Cassandre Alvarado

Photo Credit: Kayla Galang | Daily Texan Staff

When Robbie Hinojosa checked his “My Status” page last spring, the first thing he saw was a rejected application to the University.

“At that point I had been checking my admission status pretty much every single day,” Hinojosa said. “I had a mental breakdown for five minutes, then I went back and read it.”

It wasn’t until he took a second look that Hinojosa realized he was among the first group of students to be offered admission to a new program called PACE, or the Path to Admission through Co-Enrollment program.

PACE is an initiative to give students an alternative outlet for admission. Students who accept the offer for PACE have a year to complete 24 hours of classes in residence at Austin Community College Rio Grande campus, as well as at least six hours of classes at UT. Originally from Vernon, Texas, Hinojosa was ready to move to a bigger city.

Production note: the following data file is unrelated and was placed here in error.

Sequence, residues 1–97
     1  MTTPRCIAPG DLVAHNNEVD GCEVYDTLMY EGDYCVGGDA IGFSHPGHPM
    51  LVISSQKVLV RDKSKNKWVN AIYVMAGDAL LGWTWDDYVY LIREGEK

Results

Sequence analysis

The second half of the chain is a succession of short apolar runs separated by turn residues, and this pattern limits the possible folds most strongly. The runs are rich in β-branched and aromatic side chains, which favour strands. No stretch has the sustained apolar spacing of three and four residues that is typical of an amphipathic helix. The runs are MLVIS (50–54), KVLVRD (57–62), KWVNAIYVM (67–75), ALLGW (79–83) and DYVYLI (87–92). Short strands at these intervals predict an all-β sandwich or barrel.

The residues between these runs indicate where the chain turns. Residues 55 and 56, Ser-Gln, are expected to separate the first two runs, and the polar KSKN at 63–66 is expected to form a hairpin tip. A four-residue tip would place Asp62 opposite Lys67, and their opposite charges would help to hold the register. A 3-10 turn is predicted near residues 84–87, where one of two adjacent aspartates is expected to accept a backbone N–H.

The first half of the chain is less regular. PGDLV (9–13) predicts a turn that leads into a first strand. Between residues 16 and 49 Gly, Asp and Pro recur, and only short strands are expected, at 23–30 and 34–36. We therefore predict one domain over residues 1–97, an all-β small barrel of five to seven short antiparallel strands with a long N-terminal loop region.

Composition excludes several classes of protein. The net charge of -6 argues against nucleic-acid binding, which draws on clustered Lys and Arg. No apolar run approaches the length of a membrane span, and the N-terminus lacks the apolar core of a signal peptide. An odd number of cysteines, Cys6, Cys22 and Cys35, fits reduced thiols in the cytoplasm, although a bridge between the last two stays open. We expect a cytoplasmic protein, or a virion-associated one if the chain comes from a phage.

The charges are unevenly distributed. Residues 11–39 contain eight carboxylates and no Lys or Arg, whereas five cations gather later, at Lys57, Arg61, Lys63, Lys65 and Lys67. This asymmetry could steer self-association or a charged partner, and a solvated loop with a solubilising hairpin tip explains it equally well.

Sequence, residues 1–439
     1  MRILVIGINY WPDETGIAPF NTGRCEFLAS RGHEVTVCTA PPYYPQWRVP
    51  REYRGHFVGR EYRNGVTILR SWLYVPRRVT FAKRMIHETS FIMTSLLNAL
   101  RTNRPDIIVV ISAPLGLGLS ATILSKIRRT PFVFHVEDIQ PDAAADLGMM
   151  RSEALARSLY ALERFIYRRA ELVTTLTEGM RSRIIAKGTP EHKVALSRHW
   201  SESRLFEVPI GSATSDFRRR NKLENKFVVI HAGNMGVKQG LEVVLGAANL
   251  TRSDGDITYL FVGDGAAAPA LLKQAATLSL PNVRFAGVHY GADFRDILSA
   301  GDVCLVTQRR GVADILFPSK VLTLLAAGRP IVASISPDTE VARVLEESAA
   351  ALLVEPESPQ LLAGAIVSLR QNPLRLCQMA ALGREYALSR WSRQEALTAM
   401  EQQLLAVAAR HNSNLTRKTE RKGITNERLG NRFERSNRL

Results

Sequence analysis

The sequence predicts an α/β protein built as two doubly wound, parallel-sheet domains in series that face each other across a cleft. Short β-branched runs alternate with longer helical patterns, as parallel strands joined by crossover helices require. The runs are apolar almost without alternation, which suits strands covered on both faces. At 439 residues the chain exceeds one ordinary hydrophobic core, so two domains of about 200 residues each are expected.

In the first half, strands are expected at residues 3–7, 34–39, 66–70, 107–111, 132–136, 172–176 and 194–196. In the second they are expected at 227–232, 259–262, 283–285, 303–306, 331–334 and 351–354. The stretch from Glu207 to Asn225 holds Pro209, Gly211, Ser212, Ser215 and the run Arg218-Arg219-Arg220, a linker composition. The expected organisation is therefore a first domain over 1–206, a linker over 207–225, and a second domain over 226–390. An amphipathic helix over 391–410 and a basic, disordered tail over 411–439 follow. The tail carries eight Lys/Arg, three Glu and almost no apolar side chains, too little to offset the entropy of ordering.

“I chose PACE over CAP because I wanted to live in Austin, I thought it would have been cool to go to UT, be on campus, see what it’s like,” Hinojosa said. “I had thought about doing CAP and going to UTSA instead, but I’m from a small town, and I was just clawing at the door to get out.”

After successfully completing PACE, students transition to attend UT full time, and are automatically accepted into the school of Undergraduate Studies. They can also choose to apply to the school of their choice.  

PACE began in spring 2013 as an idea between president Bill Powers and ACC president and CEO Dr. Richard Rhodes. In its first year, 92 students accepted admission into PACE. This year almost 200 students are in PACE.

“For UT, [PACE] helps us provide more paths for students to get into UT, and for ACC it acknowledges the fact that ACC helps prepare a lot of students for UT through transfer,” said Dr. Cassandre Alvarado, PACE program director.

In the pilot year, PACE students encountered plenty of obstacles. Students weren’t able to apply for on-campus housing, a decision Alvarado said was made on the lack of projections on how PACE would impact the UT campus.